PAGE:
Secure delete with python

Duncan Booth duncan.booth at invalid.invalid
Tue Sep 7 10:30:14 CEST 2004


Ville Vainio <ville at spammers.com> wrote in 
news:du74qmb9mzs.fsf at amadeus.cc.tut.fi:

> Seriously? What OSen are known for doing this? I'd had thought that if
> the file size is unchanged, the data is always written over the old
> data...

I don't know for certain, but I think it is a pretty safe bet that NTFS 
allocates new disc blocks instead of updating the existing ones.

NTFS is a transaction based file system, i.e. it guarantees that any 
particular disc operation either completes or doesn't, you can never get 
file-system corruption due to a power loss part way through updating a 
file. Transactions are written to two transaction logs (in case one is 
corrupted on failure), and every few seconds the outstanding transactions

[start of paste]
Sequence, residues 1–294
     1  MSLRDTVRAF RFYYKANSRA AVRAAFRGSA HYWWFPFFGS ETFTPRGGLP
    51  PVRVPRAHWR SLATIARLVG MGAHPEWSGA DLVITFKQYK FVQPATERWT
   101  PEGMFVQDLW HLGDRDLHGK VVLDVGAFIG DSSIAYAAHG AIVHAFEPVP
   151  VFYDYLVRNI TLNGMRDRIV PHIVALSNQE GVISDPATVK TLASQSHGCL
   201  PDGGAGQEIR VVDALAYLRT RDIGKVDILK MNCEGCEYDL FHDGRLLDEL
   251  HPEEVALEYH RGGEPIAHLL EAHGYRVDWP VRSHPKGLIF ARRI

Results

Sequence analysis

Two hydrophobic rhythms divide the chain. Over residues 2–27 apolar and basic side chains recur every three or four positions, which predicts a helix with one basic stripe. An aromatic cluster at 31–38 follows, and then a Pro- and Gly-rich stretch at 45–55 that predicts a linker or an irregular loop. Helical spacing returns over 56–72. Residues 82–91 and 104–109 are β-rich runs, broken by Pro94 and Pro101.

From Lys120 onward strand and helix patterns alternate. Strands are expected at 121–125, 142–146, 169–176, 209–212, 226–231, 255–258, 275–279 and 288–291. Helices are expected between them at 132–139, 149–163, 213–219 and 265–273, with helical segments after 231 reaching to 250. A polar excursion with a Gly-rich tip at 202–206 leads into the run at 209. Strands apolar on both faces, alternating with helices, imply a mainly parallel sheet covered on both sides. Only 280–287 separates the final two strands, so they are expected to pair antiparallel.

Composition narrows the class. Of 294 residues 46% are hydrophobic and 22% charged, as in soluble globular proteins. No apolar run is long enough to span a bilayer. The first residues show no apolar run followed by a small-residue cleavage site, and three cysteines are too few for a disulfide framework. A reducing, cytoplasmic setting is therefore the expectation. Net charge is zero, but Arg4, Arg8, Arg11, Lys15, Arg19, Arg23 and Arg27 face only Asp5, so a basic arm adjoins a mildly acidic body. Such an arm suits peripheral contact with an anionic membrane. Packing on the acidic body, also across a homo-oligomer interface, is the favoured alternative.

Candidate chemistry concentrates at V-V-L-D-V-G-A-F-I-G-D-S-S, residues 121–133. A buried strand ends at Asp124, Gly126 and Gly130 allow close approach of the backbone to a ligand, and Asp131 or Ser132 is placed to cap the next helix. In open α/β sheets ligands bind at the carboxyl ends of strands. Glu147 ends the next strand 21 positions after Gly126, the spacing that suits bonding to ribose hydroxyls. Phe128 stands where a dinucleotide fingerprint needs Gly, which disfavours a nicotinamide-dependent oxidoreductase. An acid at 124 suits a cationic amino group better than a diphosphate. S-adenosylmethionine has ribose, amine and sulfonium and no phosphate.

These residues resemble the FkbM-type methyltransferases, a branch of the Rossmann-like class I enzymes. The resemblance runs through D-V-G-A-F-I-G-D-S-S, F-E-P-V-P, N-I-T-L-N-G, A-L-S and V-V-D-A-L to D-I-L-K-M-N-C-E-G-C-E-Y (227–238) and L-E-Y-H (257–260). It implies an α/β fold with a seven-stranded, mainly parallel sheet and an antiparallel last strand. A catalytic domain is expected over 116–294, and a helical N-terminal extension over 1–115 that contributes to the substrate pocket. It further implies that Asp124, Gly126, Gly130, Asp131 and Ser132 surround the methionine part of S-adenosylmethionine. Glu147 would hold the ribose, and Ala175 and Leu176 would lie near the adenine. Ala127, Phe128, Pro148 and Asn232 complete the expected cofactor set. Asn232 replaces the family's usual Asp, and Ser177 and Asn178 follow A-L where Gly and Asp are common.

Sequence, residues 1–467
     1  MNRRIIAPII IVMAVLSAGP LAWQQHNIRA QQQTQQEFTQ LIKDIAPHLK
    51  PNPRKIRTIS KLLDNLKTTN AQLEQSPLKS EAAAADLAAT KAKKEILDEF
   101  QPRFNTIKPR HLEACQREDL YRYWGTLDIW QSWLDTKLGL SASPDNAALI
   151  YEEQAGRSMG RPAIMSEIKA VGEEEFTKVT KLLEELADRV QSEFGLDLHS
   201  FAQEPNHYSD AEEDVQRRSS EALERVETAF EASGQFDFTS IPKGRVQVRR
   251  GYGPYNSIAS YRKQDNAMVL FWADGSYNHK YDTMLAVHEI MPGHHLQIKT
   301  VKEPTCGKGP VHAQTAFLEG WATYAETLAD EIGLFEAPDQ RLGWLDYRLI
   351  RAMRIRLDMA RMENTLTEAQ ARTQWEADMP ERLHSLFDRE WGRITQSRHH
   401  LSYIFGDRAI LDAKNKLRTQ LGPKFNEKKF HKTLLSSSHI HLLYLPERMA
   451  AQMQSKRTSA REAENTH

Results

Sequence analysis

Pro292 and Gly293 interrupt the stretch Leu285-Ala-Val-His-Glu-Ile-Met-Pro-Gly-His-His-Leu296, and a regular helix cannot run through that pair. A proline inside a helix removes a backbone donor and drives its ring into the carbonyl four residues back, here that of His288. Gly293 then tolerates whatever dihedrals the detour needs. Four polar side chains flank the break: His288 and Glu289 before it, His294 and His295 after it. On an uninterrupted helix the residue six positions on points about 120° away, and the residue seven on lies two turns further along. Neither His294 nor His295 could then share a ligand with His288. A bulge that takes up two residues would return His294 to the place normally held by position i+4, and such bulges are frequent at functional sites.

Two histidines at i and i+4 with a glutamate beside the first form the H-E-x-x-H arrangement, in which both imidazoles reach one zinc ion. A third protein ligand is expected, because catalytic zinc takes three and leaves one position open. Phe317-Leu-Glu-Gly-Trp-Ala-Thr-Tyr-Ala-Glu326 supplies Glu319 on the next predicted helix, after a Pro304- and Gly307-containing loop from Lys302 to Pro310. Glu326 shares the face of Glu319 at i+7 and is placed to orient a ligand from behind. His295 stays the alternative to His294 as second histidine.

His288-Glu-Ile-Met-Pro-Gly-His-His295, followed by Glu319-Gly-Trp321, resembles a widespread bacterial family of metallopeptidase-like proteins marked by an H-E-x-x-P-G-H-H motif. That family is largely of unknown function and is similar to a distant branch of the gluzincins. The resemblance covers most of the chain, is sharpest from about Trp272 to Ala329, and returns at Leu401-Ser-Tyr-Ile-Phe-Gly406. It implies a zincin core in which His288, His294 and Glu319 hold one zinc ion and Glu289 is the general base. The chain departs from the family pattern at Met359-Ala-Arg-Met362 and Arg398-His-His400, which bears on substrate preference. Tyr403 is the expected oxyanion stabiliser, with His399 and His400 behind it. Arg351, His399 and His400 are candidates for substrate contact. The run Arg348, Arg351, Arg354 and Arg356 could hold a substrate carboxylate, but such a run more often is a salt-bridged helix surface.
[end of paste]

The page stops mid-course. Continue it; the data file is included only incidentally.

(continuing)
are committed. Once committed there is sufficient information in the 
transaction log that even if power is lost the transaction can be 
completed, and likewise any transaction that has not been committed has 
sufficient information stored that it can be rolled back.

There isn't very much published information on the NTFS internals (any 
useful references gratefully received), but so far as I can see writing 
updates to a fresh disc block would be the only realistic way to implement 
this (otherwise you would need to write the data three times: once to each 
transaction log then again to the actual file). If the data is written 
separately then the transaction log only needs to store the location of the 
new data (so it can be wiped if the transaction is rolled back) and then 
update pointers when it is committed.

The other reason why I'm sure overwriting an existing file must allocate 
new disc blocks is that NTFS supports compression on files, so if you start 
off with a compressed file containing essentially random data and overwrite 
it with repeated data (e.g. nulls) it will occupy less disc space.



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